We identified 194 studies that were eligible for inclusion. Most studies were conducted with males and with persons in federal facilities, and focused on mental health, substance use, and social determinant of health outcomes.
Health status data are limited for several outcomes, such as chronic disease, injury and sexual and reproductive health, and for persons in provincial facilities and post-release. Efforts should be made to improve data collection and knowledge dissemination, so that relevant data can be used more effectively to improve health and health care in this population.
Electronic supplementary material
The online version of this article (doi:10.1186/s12889-015-1758-6) contains supplementary material, which is available to authorized users.
Prisoners; Health status; Canada; Review
Quality of housing has been shown to be related to health outcomes, including mental health and well-being, yet “objective” or observer-rated housing quality is rarely measured in housing intervention research. This may be due to a lack of standardized, reliable, and valid housing quality instruments. The objective of this research was to develop and validate the Observer-Rated Housing Quality Scale (OHQS) for use in a multisite trial of a “housing first” intervention for homeless individuals with mental illness. A list of 79 housing unit, building, and neighborhood characteristics was generated from a review of the relevant literature and three focus groups with consumers and housing service providers. The characteristics were then ranked by 47 researchers, consumers, and service providers on perceived importance, generalizability, universality of value, and evidence base. Items were then drafted, scaled (five points, half values allowed), and pretested in seven housing units and with seven raters using cognitive interviewing techniques. The draft scale was piloted in 55 housing units in Toronto and Winnipeg, Canada. Items were rated independently in each unit by two trained research assistants and a housing expert. Data were analyzed using classical psychometric approaches and intraclass correlation coefficients (ICC) for inter-rater reliability. The draft scale consisted of 34 items assessing three domains: the unit, the building, and the neighborhood. Five of 18 unit items and 3 of 7 building items displayed ceiling or floor effects and were adjusted accordingly. Internal consistency was very good (Cronbach’s alpha = 0.90 for the unit items, 0.80 for the building items, and 0.92 total (unit and building)). Percent agreement ranged from 89 to 100 % within one response scale value and 67 to 91 % within one half scale value. Inter-rater reliability was also good (ICCs were 0.87 for the unit, 0.85 for the building, and 0.93 for the total scale). Three neighborhood items (e.g., distance to transit) were found to be most efficiently rated using publicly available information. The physical quality of housing can be reliably rated by trained but nonexpert raters using the OHQS. The tool has potential for improved measurement in housing-related health research, including addressing the limitations of self-report, and may also enable documenting the quality of housing that is provided by publicly funded housing programs.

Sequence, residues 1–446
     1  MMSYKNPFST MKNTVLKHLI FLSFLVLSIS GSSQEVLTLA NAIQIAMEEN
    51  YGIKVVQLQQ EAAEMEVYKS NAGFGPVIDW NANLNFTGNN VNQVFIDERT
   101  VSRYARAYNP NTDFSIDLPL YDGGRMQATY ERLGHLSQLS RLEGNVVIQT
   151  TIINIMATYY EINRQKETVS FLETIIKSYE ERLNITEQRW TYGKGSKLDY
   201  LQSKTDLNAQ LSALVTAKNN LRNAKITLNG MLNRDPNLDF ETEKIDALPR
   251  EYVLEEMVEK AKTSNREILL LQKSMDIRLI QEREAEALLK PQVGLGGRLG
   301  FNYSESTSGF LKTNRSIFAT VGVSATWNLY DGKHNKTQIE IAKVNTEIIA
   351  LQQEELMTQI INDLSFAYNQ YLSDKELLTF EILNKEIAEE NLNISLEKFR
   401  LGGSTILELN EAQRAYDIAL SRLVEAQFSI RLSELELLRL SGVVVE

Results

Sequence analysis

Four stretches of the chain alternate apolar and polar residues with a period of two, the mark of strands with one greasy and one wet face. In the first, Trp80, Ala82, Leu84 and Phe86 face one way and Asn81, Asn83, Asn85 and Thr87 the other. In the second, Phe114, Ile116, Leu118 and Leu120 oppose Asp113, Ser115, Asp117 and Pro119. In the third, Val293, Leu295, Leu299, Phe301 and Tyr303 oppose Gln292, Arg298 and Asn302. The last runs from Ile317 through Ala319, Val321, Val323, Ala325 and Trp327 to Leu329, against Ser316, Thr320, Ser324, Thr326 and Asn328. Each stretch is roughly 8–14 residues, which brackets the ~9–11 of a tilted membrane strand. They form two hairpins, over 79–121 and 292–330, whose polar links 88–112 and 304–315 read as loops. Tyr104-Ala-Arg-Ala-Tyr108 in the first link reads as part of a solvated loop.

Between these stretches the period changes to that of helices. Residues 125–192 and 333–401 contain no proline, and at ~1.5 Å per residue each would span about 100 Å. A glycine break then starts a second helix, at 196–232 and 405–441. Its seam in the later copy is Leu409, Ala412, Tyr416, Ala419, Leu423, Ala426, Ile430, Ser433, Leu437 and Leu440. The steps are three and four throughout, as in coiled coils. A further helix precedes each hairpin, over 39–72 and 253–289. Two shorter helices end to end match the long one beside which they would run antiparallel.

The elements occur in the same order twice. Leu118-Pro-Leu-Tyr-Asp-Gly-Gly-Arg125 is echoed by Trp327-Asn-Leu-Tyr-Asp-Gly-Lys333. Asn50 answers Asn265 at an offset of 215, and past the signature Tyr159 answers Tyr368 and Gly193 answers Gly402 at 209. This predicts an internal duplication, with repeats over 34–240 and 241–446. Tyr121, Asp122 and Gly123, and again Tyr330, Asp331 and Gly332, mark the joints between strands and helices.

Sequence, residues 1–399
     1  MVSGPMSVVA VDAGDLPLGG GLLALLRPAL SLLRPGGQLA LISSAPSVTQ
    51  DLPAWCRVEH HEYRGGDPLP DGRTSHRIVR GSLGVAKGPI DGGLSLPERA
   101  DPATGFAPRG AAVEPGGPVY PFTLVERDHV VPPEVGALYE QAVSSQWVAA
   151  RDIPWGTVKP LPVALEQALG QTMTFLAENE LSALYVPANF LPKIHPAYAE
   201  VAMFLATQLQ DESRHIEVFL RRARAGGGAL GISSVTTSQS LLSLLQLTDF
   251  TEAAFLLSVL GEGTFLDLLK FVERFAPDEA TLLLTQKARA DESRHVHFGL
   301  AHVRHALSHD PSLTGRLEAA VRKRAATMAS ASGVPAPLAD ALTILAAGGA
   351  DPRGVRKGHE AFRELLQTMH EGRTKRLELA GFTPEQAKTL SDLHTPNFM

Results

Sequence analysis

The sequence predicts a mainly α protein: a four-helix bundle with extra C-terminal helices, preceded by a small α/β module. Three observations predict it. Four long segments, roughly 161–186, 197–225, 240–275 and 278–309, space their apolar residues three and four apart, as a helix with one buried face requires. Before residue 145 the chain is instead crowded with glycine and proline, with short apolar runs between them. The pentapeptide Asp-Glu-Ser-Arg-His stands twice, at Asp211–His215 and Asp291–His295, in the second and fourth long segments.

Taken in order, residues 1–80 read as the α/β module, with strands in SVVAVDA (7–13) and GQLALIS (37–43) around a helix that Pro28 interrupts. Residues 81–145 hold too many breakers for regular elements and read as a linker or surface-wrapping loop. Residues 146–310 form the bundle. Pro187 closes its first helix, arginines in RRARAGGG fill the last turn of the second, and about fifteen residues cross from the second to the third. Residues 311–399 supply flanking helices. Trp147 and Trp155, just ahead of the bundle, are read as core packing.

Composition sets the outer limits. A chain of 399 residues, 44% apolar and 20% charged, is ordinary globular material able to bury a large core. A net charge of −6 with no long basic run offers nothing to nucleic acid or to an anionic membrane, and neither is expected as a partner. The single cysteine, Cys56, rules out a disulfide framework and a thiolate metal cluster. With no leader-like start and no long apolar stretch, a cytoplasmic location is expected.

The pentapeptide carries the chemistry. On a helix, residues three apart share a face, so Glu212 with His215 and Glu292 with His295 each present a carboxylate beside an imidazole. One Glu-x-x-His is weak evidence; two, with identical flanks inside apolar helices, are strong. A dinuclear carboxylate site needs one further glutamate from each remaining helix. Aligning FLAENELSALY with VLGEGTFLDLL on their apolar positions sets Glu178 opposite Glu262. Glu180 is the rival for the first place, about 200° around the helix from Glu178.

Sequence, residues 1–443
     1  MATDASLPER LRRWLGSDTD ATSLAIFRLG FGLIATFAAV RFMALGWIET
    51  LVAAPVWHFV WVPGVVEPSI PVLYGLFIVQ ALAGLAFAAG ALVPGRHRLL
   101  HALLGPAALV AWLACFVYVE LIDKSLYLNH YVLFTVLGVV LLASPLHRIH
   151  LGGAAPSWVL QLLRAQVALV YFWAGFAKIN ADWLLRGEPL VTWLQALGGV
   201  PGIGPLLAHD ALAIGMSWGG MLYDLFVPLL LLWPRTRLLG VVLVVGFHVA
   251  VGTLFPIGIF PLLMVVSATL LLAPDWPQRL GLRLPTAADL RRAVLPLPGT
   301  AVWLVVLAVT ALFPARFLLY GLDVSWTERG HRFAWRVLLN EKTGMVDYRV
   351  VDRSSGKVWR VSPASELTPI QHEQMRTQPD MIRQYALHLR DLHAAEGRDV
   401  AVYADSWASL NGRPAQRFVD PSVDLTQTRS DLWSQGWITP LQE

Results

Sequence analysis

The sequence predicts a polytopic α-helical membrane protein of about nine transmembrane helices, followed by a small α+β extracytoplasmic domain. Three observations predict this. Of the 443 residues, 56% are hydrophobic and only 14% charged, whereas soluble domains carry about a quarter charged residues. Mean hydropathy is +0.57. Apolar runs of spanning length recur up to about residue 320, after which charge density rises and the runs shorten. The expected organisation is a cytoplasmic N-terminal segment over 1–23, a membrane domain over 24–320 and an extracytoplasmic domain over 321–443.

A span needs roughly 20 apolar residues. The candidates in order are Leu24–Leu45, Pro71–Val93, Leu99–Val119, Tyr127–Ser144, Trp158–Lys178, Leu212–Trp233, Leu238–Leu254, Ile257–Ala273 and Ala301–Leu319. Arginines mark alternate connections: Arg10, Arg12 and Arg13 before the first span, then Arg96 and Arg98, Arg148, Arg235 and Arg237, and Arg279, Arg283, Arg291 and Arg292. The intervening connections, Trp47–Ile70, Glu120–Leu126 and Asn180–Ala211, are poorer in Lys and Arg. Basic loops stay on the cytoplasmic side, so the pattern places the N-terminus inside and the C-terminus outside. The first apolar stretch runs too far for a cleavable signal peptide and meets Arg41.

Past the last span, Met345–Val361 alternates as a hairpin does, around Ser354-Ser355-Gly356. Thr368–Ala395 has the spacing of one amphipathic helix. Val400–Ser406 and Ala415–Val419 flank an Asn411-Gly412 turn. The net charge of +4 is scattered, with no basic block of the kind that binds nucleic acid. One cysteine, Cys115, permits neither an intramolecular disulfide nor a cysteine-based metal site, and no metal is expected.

Housing quality; Standardized measures; Housing-related health research; Public housing; Homelessness; Mental health
This study examined the association between immigrant status and current health in a representative sample of 1,189 homeless people in Toronto, Canada.
Multivariate regression analyses were performed to examine the relationship between immigrant status and current health status (assessed using the SF-12) among homeless recent immigrants (≤10 years since immigration), non-recent immigrants (>10 years since immigration), and Canadian-born individuals recruited at shelters and meal programs (response rate 73%).
After adjusting for demographic characteristics and lifetime duration of homelessness, recent immigrants were significantly less likely to have chronic conditions (RR 0.7, 95% CI 0.5 to 0.9), mental health problems (OR 0.4, 95% CI 0.2 to 0.7), alcohol problems (OR 0.2, 95% CI 0.1 to 0.5), and drug problems (OR 0.2, 95% CI 0.1 to 0.4) compared to non-recent immigrants and Canadian-born individuals. Recent immigrants were also more likely to have better mental health status (+3.4 points, SE ±1.6) and physical health status (+2.2 points, SE ±1.3) on scales with a mean of 50 and a standard deviation of 10 in the general population.
Homeless recent immigrants are a distinct group who are generally healthier and may have very different service needs compared to other homeless people.
homelessness; migration and health
Cardiovascular disease (CVD) is a leading cause of death among homeless people. This study examines CVD risk factors and 30-year CVD risk in a population of homeless individuals with mental illness.
CVD risks factors were assessed in 352 homeless individuals with mental illness in Toronto, Canada, at the time of their enrollment in the At Home/Chez Soi Project, a randomized trial of a Housing First intervention. The 30-year risk for CVD (coronary death, myocardial infarction, and fatal or nonfatal stroke) was calculated using published formulas and examined for association with need for mental health services, diagnosis of psychotic disorder, sex, ethnicity, access to a family physician and diagnosis of substance dependence.